Coalition of 23 Local Groups Raises Concerns About Canada-Europe Trade Deal, Calls for Public Consultations

Charlottetown – March 4, 2014

A coalition of 22 local groups has come together to raise concerns about the Canada-European Union Comprehensive Economic and Trade Agreement (CETA) and to request that the government of Prince Edward Island consult fully with Islanders on the effects of the proposed deal.

At a news conference held in Charlottetown this morning, the groups called the CETA agreement “the most intrusive that Canada has ever signed” and maintained that it will have serious consequences for many aspects of life on P.E.I. Among those areas cited as being threatened by CETA are the province’s agricultural industry and its health care system. They also believe the deal will limit or remove the government’s ability to create jobs, support local businesses and negotiate benefits for Islanders from companies investing in the province’s resources.

While noting that these weren’t the only areas of concern, speakers at the news conference addressed topics such CETA’s negative effects on:

  • the dairy industry, supply management and local food;
  • the ability of investors and multinational companies to over-ride decisions made by democratically-elected governments;
  • the costs of drugs and the operation of the health care system more generally;
  • local economic development and government purchasing decisions; and
  • the fishing industry.

The coalition also emphasized that it was not against trade but expressed grave concerns about the nature of so-called free trade agreements such as CETA. It noted that, despite its name, CETA is not primarily about tariff reduction and pointed out that current tariffs on Canadian exports to Europe average only 2.2%.

Instead, they stated that the greater part of the agreement is about expanding the rights of multinational companies, while reducing the ability of provincial and municipal governments to pursue policies that benefit local communities and everyday citizens.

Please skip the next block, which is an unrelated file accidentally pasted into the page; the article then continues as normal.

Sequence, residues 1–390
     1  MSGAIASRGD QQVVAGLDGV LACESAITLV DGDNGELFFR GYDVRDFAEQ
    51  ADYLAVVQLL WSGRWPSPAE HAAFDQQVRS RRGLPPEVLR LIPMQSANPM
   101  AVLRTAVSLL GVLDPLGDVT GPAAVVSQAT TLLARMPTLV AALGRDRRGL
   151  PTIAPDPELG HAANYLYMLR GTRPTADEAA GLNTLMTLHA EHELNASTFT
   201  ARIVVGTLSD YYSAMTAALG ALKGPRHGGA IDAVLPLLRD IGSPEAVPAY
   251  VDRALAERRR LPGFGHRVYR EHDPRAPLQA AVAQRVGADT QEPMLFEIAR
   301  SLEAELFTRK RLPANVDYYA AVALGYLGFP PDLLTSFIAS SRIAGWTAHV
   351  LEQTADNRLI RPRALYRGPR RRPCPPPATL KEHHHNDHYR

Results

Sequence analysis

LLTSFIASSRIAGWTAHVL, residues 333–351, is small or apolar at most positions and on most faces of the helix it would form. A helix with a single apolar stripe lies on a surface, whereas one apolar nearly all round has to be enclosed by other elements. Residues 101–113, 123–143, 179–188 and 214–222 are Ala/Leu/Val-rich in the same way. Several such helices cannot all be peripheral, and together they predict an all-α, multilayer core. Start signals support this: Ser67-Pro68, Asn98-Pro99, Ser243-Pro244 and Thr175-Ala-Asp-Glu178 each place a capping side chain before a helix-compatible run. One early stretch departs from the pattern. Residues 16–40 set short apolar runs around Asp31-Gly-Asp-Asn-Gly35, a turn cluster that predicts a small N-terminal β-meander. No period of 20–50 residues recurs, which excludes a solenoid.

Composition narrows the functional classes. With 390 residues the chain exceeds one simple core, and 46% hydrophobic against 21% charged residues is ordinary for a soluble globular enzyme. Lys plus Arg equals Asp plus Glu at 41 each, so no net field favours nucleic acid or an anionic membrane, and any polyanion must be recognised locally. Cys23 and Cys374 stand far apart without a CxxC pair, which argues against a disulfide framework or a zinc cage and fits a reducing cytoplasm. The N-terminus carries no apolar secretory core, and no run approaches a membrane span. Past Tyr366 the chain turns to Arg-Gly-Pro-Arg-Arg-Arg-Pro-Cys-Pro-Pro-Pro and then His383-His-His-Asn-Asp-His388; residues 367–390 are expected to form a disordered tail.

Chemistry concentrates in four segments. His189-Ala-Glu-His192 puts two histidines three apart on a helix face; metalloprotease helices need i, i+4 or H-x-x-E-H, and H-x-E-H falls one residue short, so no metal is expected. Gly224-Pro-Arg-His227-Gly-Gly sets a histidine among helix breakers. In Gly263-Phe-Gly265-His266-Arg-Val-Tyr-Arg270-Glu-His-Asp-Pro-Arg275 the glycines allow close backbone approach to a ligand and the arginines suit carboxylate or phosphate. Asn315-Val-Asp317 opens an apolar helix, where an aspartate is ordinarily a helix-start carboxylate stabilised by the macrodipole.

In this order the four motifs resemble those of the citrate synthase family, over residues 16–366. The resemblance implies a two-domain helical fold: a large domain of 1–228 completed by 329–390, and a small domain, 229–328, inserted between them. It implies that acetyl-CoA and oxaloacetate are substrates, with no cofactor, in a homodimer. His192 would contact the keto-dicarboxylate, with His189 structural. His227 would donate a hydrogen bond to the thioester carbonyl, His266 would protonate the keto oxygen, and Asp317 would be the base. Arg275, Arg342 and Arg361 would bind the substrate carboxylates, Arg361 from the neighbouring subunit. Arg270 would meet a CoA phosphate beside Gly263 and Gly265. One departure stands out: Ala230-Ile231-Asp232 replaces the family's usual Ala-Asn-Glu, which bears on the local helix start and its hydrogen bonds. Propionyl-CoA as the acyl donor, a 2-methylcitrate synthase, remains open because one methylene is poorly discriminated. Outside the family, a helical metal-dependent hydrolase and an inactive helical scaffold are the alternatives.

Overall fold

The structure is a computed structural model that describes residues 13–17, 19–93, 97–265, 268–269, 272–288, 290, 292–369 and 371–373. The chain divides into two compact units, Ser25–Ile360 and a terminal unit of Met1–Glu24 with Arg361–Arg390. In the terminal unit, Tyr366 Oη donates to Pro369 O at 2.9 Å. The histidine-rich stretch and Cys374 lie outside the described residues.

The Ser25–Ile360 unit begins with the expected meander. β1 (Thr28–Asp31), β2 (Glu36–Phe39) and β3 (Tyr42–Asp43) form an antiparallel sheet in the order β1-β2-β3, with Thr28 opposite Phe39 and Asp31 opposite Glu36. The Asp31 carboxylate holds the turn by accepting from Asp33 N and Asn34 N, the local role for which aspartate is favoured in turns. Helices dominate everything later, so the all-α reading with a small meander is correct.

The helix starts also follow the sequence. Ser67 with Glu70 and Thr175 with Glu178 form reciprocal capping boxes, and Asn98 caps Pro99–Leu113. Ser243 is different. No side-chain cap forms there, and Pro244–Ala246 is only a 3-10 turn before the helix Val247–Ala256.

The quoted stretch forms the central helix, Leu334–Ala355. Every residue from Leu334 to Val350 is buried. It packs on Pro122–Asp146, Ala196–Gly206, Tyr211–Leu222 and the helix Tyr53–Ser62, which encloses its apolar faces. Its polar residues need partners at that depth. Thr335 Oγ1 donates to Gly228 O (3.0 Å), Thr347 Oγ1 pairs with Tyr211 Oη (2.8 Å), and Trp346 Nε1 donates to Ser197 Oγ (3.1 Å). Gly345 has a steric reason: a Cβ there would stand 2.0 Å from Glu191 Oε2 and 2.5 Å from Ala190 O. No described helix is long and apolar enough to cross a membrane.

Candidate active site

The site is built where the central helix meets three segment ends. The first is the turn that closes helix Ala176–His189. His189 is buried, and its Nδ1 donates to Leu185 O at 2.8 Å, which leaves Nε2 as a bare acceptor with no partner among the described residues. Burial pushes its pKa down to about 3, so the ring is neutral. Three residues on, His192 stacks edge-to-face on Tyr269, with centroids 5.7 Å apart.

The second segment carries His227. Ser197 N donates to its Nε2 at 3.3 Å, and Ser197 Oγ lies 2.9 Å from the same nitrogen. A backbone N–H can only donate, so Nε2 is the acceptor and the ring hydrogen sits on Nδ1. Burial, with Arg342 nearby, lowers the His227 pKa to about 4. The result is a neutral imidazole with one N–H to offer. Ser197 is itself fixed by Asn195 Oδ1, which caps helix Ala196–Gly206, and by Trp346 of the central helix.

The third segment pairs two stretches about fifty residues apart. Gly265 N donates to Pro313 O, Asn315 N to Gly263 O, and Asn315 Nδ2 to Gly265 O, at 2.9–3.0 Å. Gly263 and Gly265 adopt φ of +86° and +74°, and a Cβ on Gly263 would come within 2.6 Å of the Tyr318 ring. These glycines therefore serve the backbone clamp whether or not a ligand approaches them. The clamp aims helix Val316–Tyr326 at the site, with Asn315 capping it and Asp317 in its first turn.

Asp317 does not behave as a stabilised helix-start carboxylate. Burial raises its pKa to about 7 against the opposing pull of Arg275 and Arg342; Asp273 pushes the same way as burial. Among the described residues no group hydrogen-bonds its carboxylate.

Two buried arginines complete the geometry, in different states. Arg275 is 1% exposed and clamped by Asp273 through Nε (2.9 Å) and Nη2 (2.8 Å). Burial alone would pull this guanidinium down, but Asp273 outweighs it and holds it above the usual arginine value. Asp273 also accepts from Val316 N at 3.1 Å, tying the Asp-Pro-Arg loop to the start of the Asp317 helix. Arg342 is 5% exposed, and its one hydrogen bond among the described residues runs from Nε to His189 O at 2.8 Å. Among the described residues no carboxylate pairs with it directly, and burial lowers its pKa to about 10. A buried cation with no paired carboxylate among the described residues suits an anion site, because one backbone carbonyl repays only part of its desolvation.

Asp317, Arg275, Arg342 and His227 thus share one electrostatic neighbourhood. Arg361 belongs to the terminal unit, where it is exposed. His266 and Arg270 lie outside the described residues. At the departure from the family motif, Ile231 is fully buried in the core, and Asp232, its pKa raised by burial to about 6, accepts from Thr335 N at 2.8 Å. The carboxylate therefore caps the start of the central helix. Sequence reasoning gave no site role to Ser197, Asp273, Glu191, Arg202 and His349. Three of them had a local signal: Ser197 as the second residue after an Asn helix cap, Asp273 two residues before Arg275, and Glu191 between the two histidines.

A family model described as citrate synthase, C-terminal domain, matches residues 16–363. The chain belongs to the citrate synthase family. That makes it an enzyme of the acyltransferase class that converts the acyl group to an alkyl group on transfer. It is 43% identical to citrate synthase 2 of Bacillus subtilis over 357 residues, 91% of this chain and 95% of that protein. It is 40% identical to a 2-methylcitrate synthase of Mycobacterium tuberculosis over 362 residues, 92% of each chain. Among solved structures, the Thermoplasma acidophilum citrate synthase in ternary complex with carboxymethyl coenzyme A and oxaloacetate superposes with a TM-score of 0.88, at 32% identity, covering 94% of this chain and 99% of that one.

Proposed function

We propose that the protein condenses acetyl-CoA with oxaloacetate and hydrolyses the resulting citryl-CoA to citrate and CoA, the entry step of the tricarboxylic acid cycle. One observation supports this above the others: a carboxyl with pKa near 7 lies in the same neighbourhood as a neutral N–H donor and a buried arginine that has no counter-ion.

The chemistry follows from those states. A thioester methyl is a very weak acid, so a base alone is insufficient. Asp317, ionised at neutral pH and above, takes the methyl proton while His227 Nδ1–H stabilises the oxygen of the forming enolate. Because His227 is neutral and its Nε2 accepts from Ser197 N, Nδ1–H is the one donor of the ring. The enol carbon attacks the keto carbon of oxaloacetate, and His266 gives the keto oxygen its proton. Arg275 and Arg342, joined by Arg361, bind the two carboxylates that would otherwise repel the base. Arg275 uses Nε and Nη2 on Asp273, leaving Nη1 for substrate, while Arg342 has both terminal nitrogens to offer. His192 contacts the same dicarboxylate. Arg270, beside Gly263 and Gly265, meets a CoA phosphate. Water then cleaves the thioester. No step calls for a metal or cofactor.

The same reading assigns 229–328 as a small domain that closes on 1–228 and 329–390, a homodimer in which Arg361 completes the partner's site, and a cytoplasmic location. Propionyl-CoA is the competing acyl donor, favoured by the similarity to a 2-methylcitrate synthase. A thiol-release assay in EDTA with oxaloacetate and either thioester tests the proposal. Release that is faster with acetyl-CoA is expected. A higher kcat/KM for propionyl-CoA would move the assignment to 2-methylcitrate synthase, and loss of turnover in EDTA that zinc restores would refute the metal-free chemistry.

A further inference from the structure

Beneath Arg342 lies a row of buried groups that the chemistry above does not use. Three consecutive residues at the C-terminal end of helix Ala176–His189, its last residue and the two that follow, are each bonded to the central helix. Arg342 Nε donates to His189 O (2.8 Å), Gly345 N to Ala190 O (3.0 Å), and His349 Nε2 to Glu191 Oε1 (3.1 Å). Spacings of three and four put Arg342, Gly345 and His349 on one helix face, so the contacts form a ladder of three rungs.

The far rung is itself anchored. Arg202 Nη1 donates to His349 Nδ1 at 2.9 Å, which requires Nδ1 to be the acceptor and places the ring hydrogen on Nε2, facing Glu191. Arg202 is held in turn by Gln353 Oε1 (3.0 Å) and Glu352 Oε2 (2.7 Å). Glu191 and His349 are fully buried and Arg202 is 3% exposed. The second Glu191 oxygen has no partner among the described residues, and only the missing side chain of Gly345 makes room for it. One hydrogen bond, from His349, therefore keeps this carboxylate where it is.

Focusing particularly on the secrecy surrounding the negotiation of the deal, the coalition explained that it had delivered a formal letter to Premier Robert Ghiz asking that his government:

  1. Champion the idea of a democratic review of CETA;
  2. Release the text of the CETA agreement to the public of Prince Edward Island;
  3. Hold extensive public hearings across the province on CETA;
  4. Introduce the CETA deal for debate and vote in the P.E.I. legislature; and
  5. Establish a committee of the P.E.I. Legislative Assembly to receive public input and to examine the impact CETA would have on Prince Edward Island and Canada.

They’ve also asked the provincial government to outline what exemptions (or “reservations”, as they’re called in CETA) it has designated as a means of protecting important areas – such as renewable energy, public transit and fisheries policies related to owner/operator requirements and fleet separation – from the effects of CETA.

Islanders have the right to see the final CETA text, discuss its merits and decide for themselves whether they agree with it or not, the coalition concluded.


The groups collaborating as part of the coalition include:


Council of Canadians

P.E.I. Union of Public Sector Employees

Environmental Coalition of Prince Edward Island

Atlantic Chapter of the Sierra Club of Canada

Breaking the Silence

National Farmers Union, Region 1, District 1

Cooper Institute

Canadian Union of Public Employees (P.E.I. Division)

P.E.I. Federation of Labour

Prince Edward Island Public Transit Coalition

McKillop Center for Social Justice

P.E.I. Health Coalition

Citizens’ Alliance of P.E.I.


Latin American Mission Program

Don’t Frack P.E.I.

Prince Edward Island Food Security Network

P.E.I. Nurses Union

CUPW Charlottetown Local 030

United Food and Commercial Workers

Public Services Alliance of Canada

Save Our Seas and Shores, P.E.I. Chapter